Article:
First up, the Heard Museum, and off we galloped to learn all about the Indian heritage and culture of the first settlers in Arizona. Now hear me loud and clear on this museum thing. They’re not my favorite activity. I just feel peer pressure, in my mind, about visiting museums with my kids. Great moms take their kids to museums, you know, when they’re not challenging their kids’ minds to a game of scrabble or chess. It’s especially what homeschooling moms schedule to enhance their students’ learning.

I’m a people-person. I prefer trolley tours around cities. I like tour guides talking and interacting with a group. I like people watching. But by golly, I can pay my admission and walk through a museum with the great moms. Out of sheer guilt, mind you.

Indian boarding school exhibit - by far the most interesting part of the museum

Referring to Indian families forced to send their children to boarding schools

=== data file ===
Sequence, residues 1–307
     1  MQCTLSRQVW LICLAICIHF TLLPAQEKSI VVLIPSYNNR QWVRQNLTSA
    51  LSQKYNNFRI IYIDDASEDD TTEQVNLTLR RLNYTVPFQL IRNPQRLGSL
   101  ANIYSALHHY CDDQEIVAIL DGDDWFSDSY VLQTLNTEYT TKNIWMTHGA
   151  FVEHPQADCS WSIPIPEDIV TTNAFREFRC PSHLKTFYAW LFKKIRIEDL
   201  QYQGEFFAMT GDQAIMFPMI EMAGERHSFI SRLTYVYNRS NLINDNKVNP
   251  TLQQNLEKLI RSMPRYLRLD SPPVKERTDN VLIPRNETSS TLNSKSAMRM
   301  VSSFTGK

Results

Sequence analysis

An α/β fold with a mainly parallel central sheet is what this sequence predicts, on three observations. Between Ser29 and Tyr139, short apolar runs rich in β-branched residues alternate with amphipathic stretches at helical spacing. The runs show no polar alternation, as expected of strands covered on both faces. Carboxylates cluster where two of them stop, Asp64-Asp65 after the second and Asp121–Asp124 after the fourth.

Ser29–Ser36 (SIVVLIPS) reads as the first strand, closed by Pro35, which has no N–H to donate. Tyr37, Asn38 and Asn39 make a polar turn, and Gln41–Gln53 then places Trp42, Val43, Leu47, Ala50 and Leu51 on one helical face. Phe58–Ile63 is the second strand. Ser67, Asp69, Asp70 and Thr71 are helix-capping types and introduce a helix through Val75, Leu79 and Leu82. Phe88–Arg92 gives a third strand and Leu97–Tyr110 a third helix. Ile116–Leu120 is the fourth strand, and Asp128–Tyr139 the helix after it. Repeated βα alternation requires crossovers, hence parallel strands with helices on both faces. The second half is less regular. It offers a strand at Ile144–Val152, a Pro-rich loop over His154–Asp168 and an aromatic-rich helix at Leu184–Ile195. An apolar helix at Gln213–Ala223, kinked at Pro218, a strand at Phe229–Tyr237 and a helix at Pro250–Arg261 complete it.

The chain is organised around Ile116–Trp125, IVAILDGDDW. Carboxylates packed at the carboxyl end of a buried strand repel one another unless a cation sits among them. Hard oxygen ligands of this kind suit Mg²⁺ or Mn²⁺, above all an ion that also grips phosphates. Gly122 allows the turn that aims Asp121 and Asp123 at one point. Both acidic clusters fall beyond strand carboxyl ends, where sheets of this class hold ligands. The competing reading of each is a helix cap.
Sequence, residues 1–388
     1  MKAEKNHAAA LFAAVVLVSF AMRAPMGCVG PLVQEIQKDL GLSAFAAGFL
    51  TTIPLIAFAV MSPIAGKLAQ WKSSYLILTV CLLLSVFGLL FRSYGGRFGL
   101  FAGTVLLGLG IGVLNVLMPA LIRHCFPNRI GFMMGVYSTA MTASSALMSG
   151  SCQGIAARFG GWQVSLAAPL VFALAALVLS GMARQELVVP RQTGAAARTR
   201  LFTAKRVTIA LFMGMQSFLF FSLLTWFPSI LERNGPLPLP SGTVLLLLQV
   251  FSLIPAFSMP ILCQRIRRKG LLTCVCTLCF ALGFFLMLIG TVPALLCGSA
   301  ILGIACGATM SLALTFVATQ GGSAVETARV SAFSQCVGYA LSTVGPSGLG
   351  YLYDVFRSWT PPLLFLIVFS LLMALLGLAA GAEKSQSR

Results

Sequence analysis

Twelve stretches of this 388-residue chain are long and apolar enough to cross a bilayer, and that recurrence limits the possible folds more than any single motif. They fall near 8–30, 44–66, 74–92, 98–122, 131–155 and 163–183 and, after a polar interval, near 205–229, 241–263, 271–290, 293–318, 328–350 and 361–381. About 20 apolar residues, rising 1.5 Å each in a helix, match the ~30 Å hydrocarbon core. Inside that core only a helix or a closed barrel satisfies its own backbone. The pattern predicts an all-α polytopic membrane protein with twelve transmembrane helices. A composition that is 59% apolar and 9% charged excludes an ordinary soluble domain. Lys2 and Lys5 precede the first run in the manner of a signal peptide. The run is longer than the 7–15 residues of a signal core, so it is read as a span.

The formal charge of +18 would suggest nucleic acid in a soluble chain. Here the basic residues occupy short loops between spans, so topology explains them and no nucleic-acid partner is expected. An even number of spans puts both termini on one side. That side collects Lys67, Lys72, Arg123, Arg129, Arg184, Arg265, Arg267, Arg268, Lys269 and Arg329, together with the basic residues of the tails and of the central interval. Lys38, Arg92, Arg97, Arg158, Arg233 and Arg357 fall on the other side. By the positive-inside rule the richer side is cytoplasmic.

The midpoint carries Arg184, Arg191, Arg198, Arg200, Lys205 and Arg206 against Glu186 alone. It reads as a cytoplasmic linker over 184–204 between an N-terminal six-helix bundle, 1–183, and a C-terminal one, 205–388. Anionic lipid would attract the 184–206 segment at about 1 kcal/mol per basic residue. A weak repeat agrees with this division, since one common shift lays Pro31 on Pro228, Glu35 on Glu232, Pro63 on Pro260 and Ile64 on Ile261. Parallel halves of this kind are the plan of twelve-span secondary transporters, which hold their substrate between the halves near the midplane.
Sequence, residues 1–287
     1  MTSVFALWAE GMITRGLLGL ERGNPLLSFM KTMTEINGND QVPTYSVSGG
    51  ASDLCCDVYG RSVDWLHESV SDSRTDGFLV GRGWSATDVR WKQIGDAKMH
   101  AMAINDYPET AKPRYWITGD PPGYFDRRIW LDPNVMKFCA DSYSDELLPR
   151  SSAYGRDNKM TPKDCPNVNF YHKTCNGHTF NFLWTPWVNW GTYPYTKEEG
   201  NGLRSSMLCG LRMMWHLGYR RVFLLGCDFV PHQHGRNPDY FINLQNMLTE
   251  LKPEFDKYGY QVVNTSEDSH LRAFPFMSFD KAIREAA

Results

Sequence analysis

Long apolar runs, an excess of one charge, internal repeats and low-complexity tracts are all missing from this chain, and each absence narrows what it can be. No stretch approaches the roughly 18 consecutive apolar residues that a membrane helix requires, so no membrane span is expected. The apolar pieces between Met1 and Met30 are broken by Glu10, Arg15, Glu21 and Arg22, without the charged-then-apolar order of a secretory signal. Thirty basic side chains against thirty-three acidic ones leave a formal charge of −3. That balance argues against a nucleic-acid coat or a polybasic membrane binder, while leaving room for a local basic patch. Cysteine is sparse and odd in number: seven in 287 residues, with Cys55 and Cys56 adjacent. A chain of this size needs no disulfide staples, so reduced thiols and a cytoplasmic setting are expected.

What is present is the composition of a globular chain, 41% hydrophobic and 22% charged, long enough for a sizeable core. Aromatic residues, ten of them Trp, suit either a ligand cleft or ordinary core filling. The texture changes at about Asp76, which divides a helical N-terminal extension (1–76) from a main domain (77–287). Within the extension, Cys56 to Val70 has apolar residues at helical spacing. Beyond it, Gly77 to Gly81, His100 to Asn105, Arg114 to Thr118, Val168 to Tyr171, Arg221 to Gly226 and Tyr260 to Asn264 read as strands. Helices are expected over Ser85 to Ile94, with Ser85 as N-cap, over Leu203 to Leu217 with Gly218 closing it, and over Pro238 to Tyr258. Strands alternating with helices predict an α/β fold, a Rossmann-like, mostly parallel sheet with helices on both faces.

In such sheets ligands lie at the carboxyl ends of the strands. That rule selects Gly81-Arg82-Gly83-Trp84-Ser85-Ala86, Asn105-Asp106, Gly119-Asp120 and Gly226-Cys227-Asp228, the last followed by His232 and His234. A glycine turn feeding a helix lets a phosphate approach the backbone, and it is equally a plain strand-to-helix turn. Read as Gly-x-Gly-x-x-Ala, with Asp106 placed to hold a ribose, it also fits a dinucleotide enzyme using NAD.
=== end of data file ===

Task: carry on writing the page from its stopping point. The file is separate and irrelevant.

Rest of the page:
So we spent an afternoon at the museum, and thankfully, they offered a crafty hands-on section, another favorite pastime of mine. Not! Continue reading

Living in Never Land (RV Series #1)

“I’ll never make my kids go camping.” Words I uttered as a 14 year-old girl after spending two weeks with my family in a pop up camper without electricity or running water. “Never!” I said. Well, you know where this story is going.

In the summer of 2013, we felt God prompting us to tour the USA…with our kids…in an RV. Really God? We like our spacious home with walls and doors. “We will never camp,” I repeated, pleading for options:

  • Maybe, instead, we could raise money for a new church in our neighborhood.         We will never camp.
  • Maybe, instead, I could coordinate Vacation Bible School for all protestants.               We will never camp.
  • Maybe, instead, we could proofread algebra books, solve for X without pay.          We will never camp.
  • Maybe, instead, this RV trip wasn’t about camping at all? And all-in we went.